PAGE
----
The New York Times’ public editor, Byron Calame, wrote an op-ed this morning concerning the practice of marketing representatives creating ads that either intentionally look like articles to mislead the reader, or watermark images that advertise companies and their messages right behind newsprint:
“The search for revenue, not surprisingly, means the advertising staff of The Times is scrambling ever harder to come up with attractive new options for advertisers. Sometimes that can lead to pressures to let advertisers tie their pitches more closely to the credibility of the news columns. And that can blur the distinction between advertising and articles - risking erosion of the readers' right to assume that the news columns are pure journalism, both in print and online.”
Hollywood's fantasy that Republicans could sweep the nation if they only put up a "pro-choice" candidate animated last Sunday's episode -- and Janeane Garofalo got in a blast at conservatives. NBC is promising an "unprecedented West Wing event" in tonight’s sweeps stunt of a live debate between liberal presidential candidate "Matt Santos," played by Jimmy Smits, and the anti-religious right Republican "Arnie Vinick," played by Alan Alda. Last Sunday, Vinick was angered by an independent ad which attacked Santos for opposing parental notification and a ban on partial-birth abortions, policies the otherwise pro-choice Vinick backs: "Who told them to drag abortion into my campaign?" Demanding the ad be pulled, Vinick asserted: "Do you realize how many states my pro-choice position puts on the table?" Later, Santos remarked: "Vinick's appeal is that he's a different kind of Republican, moderate, reasonable, pro-choice."
In one scene on the October 30 episode, Santos' media chief, "Louise Thornton," played by Janeane Garofalo, sounded just like the real-life Garofalo when she argued that the campaign must go negative against Vinick, and she cited the good being done by a Senator she got elected by going negative against his opponent: "I'm proud that he votes against every reckless Republican tax cut. We're the blue team and there's a real war going on. Josh, do you want the right wing to get their judges?"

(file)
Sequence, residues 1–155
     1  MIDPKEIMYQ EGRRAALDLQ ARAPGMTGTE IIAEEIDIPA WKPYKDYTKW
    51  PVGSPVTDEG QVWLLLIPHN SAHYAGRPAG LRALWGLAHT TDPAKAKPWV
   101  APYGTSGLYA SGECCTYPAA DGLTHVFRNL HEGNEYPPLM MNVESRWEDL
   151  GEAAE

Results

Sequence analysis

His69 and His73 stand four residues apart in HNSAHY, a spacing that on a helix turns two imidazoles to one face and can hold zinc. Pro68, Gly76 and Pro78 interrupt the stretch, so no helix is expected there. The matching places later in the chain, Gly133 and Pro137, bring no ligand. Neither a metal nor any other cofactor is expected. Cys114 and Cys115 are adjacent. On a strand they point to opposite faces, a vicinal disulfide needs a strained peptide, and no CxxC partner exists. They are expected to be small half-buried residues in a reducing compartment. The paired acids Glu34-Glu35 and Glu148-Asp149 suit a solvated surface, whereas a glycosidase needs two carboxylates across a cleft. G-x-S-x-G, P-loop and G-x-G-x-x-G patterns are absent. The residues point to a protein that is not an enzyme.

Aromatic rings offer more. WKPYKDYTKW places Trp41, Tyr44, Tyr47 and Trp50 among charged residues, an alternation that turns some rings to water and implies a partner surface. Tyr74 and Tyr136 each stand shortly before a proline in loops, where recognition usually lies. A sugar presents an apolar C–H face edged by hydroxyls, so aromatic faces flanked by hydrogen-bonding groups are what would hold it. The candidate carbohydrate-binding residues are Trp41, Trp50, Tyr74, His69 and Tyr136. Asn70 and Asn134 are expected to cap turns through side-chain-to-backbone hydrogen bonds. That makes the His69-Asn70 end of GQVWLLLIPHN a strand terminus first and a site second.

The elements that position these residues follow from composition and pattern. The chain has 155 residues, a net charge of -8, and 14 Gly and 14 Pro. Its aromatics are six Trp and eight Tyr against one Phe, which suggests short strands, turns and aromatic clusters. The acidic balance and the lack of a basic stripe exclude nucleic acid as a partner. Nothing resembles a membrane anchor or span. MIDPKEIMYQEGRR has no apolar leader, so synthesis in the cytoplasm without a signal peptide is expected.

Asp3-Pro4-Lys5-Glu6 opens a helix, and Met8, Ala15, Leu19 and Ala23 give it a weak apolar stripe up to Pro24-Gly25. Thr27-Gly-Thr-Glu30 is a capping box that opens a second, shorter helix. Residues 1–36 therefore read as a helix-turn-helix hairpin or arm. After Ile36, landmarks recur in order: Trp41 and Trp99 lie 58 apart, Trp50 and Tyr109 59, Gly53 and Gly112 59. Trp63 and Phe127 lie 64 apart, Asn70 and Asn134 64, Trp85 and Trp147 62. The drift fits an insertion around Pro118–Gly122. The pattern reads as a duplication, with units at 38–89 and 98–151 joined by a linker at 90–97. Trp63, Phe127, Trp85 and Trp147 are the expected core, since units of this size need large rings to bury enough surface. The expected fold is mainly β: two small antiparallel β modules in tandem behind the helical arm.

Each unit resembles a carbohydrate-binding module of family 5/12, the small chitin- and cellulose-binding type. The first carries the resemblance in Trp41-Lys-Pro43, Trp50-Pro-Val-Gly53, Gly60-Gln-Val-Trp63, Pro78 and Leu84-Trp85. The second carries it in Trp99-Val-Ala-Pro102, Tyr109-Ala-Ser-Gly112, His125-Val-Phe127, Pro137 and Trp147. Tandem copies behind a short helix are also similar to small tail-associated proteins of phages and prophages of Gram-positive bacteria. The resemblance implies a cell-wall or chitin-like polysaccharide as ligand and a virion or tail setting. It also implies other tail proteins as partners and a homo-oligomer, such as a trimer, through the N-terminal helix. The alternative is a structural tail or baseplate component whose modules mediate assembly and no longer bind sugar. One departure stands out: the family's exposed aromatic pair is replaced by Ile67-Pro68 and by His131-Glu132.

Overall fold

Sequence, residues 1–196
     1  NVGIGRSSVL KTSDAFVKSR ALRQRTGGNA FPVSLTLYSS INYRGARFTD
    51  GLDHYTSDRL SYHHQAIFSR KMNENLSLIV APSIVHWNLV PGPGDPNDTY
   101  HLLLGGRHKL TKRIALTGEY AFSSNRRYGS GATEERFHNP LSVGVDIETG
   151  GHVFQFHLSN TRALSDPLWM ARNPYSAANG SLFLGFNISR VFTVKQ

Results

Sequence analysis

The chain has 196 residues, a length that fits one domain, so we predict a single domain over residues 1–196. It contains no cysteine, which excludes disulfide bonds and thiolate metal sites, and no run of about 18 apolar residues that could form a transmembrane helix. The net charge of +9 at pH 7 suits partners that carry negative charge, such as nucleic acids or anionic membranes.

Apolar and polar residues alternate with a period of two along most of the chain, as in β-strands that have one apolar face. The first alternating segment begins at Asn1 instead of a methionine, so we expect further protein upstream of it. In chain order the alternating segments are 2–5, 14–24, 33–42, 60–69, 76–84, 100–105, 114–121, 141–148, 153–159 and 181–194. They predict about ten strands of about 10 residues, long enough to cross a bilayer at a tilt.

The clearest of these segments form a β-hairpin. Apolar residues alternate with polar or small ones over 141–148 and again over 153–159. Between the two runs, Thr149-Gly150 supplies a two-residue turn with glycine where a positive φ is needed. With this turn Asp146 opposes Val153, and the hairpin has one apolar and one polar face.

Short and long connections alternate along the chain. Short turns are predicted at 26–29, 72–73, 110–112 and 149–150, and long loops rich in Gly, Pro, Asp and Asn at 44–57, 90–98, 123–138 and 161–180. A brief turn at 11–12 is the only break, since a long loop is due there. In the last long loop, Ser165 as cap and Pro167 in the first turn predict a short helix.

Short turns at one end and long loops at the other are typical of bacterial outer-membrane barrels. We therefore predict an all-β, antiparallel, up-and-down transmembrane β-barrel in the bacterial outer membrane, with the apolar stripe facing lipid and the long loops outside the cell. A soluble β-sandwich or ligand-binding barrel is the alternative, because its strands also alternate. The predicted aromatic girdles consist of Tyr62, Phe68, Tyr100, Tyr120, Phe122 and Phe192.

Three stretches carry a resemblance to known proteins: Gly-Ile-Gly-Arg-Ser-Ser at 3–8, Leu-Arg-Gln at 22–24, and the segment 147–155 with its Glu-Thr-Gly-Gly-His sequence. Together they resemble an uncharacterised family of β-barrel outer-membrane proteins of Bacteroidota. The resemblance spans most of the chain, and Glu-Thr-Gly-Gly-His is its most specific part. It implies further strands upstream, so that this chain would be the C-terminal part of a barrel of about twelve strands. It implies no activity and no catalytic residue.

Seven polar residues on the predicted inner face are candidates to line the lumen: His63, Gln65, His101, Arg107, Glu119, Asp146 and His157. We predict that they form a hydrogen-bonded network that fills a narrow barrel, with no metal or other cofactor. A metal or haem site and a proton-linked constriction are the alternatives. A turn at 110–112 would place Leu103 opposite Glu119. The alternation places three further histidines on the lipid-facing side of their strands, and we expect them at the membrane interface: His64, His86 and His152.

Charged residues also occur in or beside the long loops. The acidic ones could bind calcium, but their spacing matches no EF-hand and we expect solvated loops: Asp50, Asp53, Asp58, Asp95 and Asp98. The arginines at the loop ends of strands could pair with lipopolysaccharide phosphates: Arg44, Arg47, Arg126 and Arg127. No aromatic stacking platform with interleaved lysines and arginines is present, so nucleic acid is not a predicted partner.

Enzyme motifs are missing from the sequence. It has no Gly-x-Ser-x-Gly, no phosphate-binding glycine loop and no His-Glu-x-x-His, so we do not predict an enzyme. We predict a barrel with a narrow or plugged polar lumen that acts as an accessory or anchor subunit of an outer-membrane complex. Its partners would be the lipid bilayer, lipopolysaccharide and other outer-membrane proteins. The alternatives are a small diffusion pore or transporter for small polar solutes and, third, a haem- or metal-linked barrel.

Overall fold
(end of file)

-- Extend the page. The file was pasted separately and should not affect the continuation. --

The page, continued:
Friday night on MSNBC’s Scarborough Country, West Wing star Bradley Whitford trashed Bush as “a radical right-wing President who now seems to be incompetent.” A Zogby International poll of West Wing viewers found they tilt to the left, with 59 percent saying they’d vote for Democrat Smits/Santos compared to just 29 percent for Alda/Vinick, Lisa de Moraes reported in Saturday’s Washington Post. But the viewers recognize the show’s bias: “A full 77 percent of respondents said The West Wing has a liberal bias.”
On NBC’s “Meet The Press” this morning, host Tim Russert stocked his panel with three left-of-center journalists – Nina Totenberg of NPR, Ron Brownstein of the Los Angeles Times, and David Gregory of NBC News – to discuss the events of the week. When they got to the nomination of Samuel Alito to replace retiring justice Sandra Day O’Connor, Russert mentioned that when Bill Clinton was president, both Ruth Bader Ginsburg and Stephen Breyer, despite obvious Liberal leanings, were approved by a strong majority of both Democrats and Republicans. “And they say, ‘Why can't we have the same courtesy to conservative jurists under President Bush?’"
In response, Totenberg said: “If you look at the Ginsburg nomination, for example, she'd been a judge, I think, for 12 years. She'd been, actually, a pretty conservative liberal judge, if you can be such a thing.” This could be the first time that anyone has referred to the former general counsel for the American Civil Liberties Union as being “pretty conservative.”
As the discussion ensued, Totenberg expressed frustration with the president’s second choice to replace Sandra Day O’Connor: